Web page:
Cassava is grown as a secondary crop in South Africa by farmers and small holders and is utilized for the production of starch (commercial and food grade starch) as well as various other products.
In South Africa the crop is cultivated in Limpopo, Mpumalanga, and Northern KZN.It is produced on a large scale in Limpopo, mainly for industrial purposes.
“Bitter” and “Sweet” are the two general types of cassava. The sweet type is more commonly grown because of its greater yields.. The color and texture of the root peel are often the only factors used in separating clones in the market.
The cassava plant produces best when rainfall is fairly abundant, but it can be grown where the annual rainfall is as low as 500mm but well-distributed and where it is as high as 5000mm. The cassava plant can stand prolonged periods of drought in which most other food crops would perish. This makes it valuable in regions where the annual rainfall is low or where seasonal distribution is irregular.
Cassava grows best on light, sandy loam’s or on loamy sands which are moist, fertile and deep, but also does well on soils ranging in texture from sands to clay and on soils of relatively low fertility. In practice, it is grown on a wide range of soils, provided the soil texture is friable enough to allow the development of the tubers.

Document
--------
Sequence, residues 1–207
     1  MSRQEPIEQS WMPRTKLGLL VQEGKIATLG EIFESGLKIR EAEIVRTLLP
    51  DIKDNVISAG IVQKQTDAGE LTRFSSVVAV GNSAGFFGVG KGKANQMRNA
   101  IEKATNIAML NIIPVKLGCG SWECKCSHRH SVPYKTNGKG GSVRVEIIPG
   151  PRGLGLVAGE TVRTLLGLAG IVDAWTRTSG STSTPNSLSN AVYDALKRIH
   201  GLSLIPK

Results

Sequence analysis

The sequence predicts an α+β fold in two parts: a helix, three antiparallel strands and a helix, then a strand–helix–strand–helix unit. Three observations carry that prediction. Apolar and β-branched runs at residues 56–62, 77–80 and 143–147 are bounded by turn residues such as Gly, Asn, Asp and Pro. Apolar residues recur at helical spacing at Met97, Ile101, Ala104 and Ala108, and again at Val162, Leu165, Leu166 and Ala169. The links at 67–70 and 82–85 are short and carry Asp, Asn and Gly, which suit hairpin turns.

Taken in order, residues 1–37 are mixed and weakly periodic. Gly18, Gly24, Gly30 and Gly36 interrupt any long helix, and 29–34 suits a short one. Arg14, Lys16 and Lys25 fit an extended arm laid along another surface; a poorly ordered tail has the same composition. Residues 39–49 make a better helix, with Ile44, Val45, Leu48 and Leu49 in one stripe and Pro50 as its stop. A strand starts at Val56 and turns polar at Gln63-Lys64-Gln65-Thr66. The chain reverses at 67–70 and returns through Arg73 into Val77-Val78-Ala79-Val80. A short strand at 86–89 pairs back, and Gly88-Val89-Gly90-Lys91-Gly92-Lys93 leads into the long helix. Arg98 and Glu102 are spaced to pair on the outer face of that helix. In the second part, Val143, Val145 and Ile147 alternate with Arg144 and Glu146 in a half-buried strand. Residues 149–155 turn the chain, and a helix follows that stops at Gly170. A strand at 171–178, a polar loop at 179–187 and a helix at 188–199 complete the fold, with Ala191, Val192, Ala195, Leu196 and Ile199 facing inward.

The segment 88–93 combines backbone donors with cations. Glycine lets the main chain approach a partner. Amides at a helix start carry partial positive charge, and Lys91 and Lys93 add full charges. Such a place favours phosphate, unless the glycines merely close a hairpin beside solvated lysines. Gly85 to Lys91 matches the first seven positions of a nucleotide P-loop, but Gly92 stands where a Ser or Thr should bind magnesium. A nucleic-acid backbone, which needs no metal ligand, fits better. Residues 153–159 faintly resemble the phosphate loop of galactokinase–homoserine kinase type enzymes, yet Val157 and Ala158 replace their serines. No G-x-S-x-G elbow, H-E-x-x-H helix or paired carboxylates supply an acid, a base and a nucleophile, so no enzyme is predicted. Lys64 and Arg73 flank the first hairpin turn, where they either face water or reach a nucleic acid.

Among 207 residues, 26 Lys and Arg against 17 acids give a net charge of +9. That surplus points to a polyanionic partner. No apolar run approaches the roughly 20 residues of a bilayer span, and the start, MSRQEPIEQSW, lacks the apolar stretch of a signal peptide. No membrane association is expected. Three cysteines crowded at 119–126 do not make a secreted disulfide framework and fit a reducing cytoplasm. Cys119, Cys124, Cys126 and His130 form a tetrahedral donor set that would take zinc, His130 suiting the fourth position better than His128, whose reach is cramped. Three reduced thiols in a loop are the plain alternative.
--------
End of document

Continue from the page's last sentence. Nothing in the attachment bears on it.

In regions with seasonal rains, cassava can be harvested throughout the year when the tubers reach maturity. Harvesting usually takes place in the dry season, during the dormant period of the plant. In areas where rain prevails all year round, the crop can be harvested throughout the year. Maturity differs from one variety to the next. The tubers can be harvested between 6 months and 3 years after planting, but for food purposes harvesting can take place at almost any age below 12 months. Harvesting may be delayed until market, processing, or other conditions become favorable.
Cassava spoils easily and it is costly to transport in its raw form as it consists mainly of water. Therefore, most of the processing takes place on the farm. Processing results in products such as gari (a type of pickled vegetable), lafun (a fibrous powdery form of cassava) and fufu (a thick paste made by boiling) which all have a longer self life than cassava tubers do.. These products are consumed in the household or sold in the local market. They are sold in South Africa or traders in Swaziland and Mozambique.
Cassava has a high content of fermentable substances. This makes it appropriate for the production of alcohol. the fresh tubers contain about 30% starch and 5% sugars, and the dried tubers contain approximately 80% fermentable substances.
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